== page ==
How to Become a Dentist in 5 Steps

Explore the career requirements for dentists. Get the facts about job duties, education and licensure requirements to determine if this is the right career for you. Schools offering Dental Assisting degrees can also be found in these popular choices.

What Does a Dentist Do?

Dentists provide preventative and corrective care for the teeth and gums. Preventative care includes educating patients on proper diet, flossing and brushing teeth, placing sealants and using fluoride. Corrective care includes removing decay, filling cavities, repairing broken teeth or pulling teeth. Dentists often diagnose these issues through the use of x-rays and hand tools used to examine teeth, like mouth mirrors and probes. They may also prescribe medication for problems of the mouth if needed. Some dentists choose to specialize in a particular area, such as pediatrics or orthodontics. The following chart provides an overview of the requirements for becoming a dentist.

Degree Required Doctor of Dental Surgery (D.D.S.) or Doctor of Dental Medicine (D.M.D.)
Training Dental specialties require 1- to 2-year residency
Key Responsibilities Examine patients and diagnose dental health issues; develop a treatment plan; perform dental treatments including extracting teeth, filling cavities, performing root canals and installing crowns and bridgework
Licensure or Certification All states require dentists to be licensed
Job Growth (2014-2024) 18%*
Median Salary (2015) $158,310*

Source: *U.S. Bureau of Labor Statistics (BLS)

What Is a Dentist?

While some dentists specialize in one area, such as periodontics, orthodontics or oral surgery, most are general practitioners. As a dentist, you'll be responsible for educating patients on habits important to good hygiene, such as brushing, flossing and adhering to a healthy diet. You'll fill cavities, inspect for tooth decay, apply sealants, improve alignment of teeth and repair broken teeth. It's also possible that you'll perform surgery to treat gum disease or extract teeth.

Step 1: Prepare for Dental School and Take the Dental Admissions Test (DAT)

Many colleges and universities offer pre-dental programs that provide you with a solid foundation for further dental studies. These programs can be advantageous because they prepare you to be more competitive when applying to dental school. They include required pre-dental courses, such as chemistry, physics and biology, as well as opportunities to gain volunteer dental experience, shadow dentists and participate in student organizations. Many dental schools prefer to admit students who have earned a bachelor's degree, but most require a minimum of two years of college coursework. To apply to dental school, you'll need to take the Dental Admissions Test (DAT), which is administered by the American Dental Association (ADA).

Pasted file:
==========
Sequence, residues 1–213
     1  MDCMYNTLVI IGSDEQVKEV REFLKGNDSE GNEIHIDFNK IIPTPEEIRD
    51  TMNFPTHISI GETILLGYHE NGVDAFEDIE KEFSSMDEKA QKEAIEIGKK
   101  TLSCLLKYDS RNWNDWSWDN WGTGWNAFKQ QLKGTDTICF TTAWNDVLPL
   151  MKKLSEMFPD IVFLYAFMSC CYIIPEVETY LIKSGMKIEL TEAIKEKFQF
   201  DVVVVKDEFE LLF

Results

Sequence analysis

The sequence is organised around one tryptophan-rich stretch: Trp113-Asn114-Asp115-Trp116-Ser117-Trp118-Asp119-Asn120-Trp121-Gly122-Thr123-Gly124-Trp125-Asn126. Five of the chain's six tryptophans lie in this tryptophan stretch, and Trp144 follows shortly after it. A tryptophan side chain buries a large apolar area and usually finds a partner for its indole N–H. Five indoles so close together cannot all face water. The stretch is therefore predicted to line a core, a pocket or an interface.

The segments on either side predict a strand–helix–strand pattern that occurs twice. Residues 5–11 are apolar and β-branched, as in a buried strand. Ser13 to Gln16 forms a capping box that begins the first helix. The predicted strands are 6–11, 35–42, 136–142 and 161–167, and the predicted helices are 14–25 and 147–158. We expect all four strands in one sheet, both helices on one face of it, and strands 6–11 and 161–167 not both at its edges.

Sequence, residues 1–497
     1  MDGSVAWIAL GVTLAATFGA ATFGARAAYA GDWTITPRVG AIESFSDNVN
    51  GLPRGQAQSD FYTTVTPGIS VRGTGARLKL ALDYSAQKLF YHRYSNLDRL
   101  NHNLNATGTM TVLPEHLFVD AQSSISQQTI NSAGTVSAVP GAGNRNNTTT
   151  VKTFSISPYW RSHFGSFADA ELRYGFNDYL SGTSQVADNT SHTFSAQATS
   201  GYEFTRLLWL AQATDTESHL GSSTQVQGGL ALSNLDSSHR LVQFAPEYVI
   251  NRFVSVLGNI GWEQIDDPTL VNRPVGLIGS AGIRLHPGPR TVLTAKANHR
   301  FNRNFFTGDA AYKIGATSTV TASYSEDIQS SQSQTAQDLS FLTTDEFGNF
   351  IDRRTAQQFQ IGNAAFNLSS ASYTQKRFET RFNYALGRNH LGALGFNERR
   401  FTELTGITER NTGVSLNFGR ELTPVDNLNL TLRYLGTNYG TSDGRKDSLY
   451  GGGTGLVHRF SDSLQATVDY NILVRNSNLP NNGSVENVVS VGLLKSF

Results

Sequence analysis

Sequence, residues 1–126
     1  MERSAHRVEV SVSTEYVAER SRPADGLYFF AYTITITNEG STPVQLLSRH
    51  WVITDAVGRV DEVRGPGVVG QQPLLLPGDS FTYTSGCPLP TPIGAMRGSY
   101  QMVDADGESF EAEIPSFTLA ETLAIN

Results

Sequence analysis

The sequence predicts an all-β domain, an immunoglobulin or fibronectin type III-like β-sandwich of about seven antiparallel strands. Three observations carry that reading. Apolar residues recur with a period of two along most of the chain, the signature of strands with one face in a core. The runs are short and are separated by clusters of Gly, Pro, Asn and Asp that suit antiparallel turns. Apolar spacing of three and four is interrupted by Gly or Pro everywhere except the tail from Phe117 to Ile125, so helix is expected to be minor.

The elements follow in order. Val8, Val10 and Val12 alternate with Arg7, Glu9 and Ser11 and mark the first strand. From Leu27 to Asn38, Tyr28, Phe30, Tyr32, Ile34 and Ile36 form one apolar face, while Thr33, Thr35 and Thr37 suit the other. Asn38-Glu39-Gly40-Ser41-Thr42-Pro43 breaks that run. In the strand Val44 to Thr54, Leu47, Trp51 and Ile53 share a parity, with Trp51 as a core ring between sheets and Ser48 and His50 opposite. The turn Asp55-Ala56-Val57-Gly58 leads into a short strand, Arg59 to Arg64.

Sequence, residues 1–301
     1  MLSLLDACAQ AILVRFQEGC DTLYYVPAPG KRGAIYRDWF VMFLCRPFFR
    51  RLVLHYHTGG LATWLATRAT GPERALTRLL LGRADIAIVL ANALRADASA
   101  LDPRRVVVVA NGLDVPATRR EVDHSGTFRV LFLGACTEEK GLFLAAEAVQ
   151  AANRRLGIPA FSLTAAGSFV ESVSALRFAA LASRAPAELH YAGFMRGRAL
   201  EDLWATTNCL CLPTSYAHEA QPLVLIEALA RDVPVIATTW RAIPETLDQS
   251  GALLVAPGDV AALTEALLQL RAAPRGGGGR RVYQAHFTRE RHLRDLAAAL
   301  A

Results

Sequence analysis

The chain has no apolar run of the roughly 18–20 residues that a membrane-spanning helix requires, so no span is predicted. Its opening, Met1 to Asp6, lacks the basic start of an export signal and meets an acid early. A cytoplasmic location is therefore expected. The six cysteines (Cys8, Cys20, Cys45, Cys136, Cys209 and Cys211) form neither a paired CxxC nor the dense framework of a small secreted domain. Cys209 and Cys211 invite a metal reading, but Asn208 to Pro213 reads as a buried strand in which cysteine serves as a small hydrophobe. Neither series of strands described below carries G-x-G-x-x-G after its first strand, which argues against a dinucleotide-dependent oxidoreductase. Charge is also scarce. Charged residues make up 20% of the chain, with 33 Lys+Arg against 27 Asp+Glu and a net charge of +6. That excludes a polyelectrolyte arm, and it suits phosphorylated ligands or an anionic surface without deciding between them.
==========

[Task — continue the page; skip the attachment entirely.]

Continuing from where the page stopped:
Step 2: Complete a Dental Program

Dental programs generally last four years. You can expect to spend the first two years in a classroom and working in a laboratory, taking science courses like anatomy, physiology, microbiology and biochemistry. During the final two years, you'll treat patients while under the supervision of a licensed dentist. After you successfully complete a dental program, you'll earn a Doctor of Dental Surgery (D.D.S.) or a Doctor of Dental Medicine (D.M.D.) degree.

Step 3: Acquire a License to Practice

Once you've obtained a degree from an accredited dental school, you'll need to pass both a practical and written examination to become licensed. In most states, you and other candidates will take the National Board Dental Examination administered by the ADA for the written exam portion. The state in which you plan to work or a regional agency will typically administer the practical exam.

Step 4: Set Up Shop as a Dentist

According to the U.S. Bureau of Labor Statistics (BLS), most dental school graduates open their own private practice or take over an existing practice (www.bls.gov). However, you may also join an existing practice as an associate. You may be required to work long hours when you are first establishing your career, but the number of hours you work will typically decrease with experience. The BLS projected that from 2014-2024, the number of positions available for dentists would grow by 18%, which was above the average national job growth. However, while the demand for dental services is increasing, efficiencies in dental practices are allowing a fewer number of dentists to treat an increasing number of patients.

Step 5: Consider Advanced Training

If you would like to teach or conduct research rather than work in a clinical setting, you may want to consider completing 2-5 years of advanced training after earning your dental degree. Such programs can be found at dental schools or in hospitals. Some programs may allow you to earn an additional degree, such as an Master of Public Health (MPH) or Ph.D.

What Are Some Related Alternative Careers?

There are some related positions in the medical field that require a doctoral or professional degree. One of these jobs is a chiropractor. Chiropractors work with the neuromusculoskeletal system to treat neck and back pain. They treat patients through spinal adjustments and other techniques used on the muscles, bones and nerves. A podiatrist is another type of doctor that specializes in a particular area of the body. Podiatrists treat conditions of the foot, ankle and lower leg, which could include surgery in these areas. An optometrist is a third option. These professionals examine patients' eyes and visual systems to prevent disease, treat any issues and even prescribe eyeglasses to improve vision if needed.

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